How hotels can develop a dynamic budget for COVID-19 and beyond

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Entering 2021, hotels will first need to continue operating with a budget that accounts for revenue lost from low occupancy levels and interchanging demand. Photo credit: iStock / Getty Images Plus / Stork

In the new normal of uncertainty surrounding the hospitality sector, deploying a single operating budget strategy is not optimal for hotels to financially survive. The ripple effects of the COVID-19 pandemic have depleted everything from occupancy levels to air travel rates, which, in turn, has made it extremely difficult to stay profitable. The most challenging aspect of the equation is that we don’t know what lies ahead. Volatility in the market has already thrown traditional forecasting out the window, and it’s time to part ways with traditional budgeting as well.

By leveraging a proactive (instead of reactive) budget strategy tailored to the state of the pandemic, hotels can develop the financial flexibility necessary for navigating a rapidly changing industry landscape. Furthermore, this approach will make it easier when budgets are updated during the 30-60-90-day reviews.

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Budget No. 1: COVID-19 Environment

For hotels, demand is undoubtedly going to be low or intermittent during peak periods of the pandemic. Even with the news of a potential vaccine that was recently released, it’s likely that mass distribution will not be available until mid to late 2021. The timing of that vaccine coupled with the additional development of effective treatments and economic conditions will dictate the length of which a pandemic-based budget will be essential.

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Entering 2021, hotels will first need to continue operating with a budget that accounts for revenue lost from low occupancy levels and interchanging demand. A labor-management system that leverages automated intelligence and advanced data analysis will provide actionable insights on a variety of internal and external variables—such as labor spend versus average daily rates, average stay durations, percentage rates between hotel restaurant versus roomservice revenues, new employee/customer needs, and lift coming into the market. By utilizing advanced technology to determine these variables, hotels can then align each component of their short-term, medium-term and long-term budgets with the state of the pandemic.

Budget No. 2: Non-COVID-19 Environment

Fortunately, the hospitality sector will eventually enter its recovery phase as the pandemic begins to subside and consumer confidence returns. Hotels will need a budget that is suitable for a gradual return to business. For example, the first few months of vaccine distribution, where health-care workers and high-risk individuals with pre-existing conditions are the first to become vaccinated, we could see significant case count reductions that improve consumer confidence in leisure and business travel. In response, occupancy would rise in the span of a few weeks, causing numerous budgeting variables and operating needs to significantly change. In order to preserve service quality and guest satisfaction, hotels would need to act fast.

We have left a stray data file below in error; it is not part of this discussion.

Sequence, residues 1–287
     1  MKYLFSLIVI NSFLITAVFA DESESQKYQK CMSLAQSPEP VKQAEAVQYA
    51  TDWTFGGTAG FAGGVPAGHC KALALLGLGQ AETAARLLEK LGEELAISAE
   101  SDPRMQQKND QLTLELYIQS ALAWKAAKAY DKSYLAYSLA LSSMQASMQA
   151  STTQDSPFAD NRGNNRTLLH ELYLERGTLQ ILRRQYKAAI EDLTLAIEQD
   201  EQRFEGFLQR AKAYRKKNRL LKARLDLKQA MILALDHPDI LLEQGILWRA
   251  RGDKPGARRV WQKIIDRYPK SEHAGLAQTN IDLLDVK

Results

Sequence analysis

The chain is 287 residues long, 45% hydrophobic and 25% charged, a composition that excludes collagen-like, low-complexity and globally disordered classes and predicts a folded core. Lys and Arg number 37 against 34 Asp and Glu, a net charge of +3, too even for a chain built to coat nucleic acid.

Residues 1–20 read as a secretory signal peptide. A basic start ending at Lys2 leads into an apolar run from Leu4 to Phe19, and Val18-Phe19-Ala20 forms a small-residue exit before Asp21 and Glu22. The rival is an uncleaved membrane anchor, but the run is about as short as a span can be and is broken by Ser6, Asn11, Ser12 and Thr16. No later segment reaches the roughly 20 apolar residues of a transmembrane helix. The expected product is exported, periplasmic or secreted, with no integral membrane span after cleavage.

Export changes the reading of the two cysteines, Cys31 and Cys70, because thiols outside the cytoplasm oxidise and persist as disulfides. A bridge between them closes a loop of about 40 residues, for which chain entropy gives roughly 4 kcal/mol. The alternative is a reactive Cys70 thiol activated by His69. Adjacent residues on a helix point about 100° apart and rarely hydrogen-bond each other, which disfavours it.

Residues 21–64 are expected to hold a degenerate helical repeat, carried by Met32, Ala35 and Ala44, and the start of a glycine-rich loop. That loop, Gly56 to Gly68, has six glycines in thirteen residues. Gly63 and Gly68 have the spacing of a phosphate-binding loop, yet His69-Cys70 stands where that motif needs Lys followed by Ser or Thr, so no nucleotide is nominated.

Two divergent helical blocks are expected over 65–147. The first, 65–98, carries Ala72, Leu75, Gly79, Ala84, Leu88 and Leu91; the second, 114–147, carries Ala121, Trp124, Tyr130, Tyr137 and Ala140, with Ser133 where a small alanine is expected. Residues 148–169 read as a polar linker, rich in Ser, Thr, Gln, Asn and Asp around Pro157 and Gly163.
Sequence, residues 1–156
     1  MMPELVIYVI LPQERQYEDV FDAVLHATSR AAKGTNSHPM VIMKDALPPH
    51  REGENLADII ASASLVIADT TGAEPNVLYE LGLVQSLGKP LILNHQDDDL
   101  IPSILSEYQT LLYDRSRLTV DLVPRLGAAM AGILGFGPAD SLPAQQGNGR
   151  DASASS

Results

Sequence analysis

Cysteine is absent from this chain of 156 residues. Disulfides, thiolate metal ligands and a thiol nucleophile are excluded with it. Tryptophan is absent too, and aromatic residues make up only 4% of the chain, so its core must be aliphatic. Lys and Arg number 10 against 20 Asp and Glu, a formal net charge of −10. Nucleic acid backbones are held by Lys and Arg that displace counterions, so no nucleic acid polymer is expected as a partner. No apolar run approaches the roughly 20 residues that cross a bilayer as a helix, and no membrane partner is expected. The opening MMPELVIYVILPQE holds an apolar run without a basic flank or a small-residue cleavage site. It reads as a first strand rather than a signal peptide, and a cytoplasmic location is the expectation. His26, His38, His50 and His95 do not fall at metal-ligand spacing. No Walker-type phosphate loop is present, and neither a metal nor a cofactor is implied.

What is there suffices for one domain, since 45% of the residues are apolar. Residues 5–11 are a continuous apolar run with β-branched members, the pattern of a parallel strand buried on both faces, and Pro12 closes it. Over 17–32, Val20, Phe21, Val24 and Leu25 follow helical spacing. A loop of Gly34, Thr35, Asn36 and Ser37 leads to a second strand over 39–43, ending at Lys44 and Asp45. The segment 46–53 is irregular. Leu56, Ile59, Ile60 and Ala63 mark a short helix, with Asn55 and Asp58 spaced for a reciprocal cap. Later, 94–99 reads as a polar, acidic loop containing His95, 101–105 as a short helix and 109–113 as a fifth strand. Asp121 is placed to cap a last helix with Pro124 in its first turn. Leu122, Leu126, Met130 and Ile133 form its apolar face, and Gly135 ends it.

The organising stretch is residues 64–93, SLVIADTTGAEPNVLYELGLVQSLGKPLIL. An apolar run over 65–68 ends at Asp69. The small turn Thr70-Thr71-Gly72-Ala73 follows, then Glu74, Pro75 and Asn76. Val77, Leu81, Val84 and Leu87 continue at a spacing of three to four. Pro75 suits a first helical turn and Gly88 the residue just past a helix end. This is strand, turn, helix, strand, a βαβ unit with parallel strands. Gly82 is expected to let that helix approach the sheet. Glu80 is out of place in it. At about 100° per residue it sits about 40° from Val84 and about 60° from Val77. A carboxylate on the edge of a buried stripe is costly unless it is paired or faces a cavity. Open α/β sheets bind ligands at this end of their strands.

However, even with a new set of standards, a significant rate of COVID-19 budgeting intricacies would still exist. For example, guests will still expect heightened sanitation protocols, reduced percentage of stayover room cleaning, contactless check-ins/check-outs, automated service and extensive take-out options from the restaurant—all of which require different labor needs uncommon in a non-pandemic environment. Hotels will need to account for those variables in the long-term future, as well as in their daily operations and staff scheduling.

Budget No. 3: Hybrid

The hybrid approach intertwines elements from a pandemic and non-pandemic budget based on the specific needs of the enterprise. Hybrid budgets based on differing labor and other cost standard sets can be utilized by hotels in a market where case counts are steadily declining, but still moderate enough to prevent a complete return to normalcy. Or, they can be utilized by a company that manages multiple sites of full-service and economy-class hotels in neighboring states that require different sets of budget allocations and labor levels. A hybrid approach would also allow hotels to steadily integrate flexible scheduling models based on volatility of demand, employee availability, shift durations and cross-utilization. The hybrid budget would easily enable hotels to switch models on a weekly, monthly or quarterly basis based on the operating environment.

Regardless of the state of the world around them, a proactive budgeting strategy will be among the most critical factors for hotels to address financial constraints both during and after the pandemic. By leveraging a three-tiered approach based on differing standard sets, they can develop a dynamic set of financial resources to rely on in the uncertain future that lies ahead.

Mark Heymann is CEO of UniFocus.